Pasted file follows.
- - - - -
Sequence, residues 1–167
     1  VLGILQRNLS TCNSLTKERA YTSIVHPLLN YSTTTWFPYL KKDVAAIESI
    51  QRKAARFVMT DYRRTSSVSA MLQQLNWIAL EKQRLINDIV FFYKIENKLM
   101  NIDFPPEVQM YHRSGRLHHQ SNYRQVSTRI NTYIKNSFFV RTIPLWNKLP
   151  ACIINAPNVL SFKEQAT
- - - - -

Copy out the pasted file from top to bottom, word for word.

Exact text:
Sequence, residues 1–167
     1  VLGILQRNLS TCNSLTKERA YTSIVHPLLN YSTTTWFPYL KKDVAAIESI
    51  QRKAARFVMT DYRRTSSVSA MLQQLNWIAL EKQRLINDIV FFYKIENKLM
   101  NIDFPPEVQM YHRSGRLHHQ SNYRQVSTRI NTYIKNSFFV RTIPLWNKLP
   151  ACIINAPNVL SFKEQAT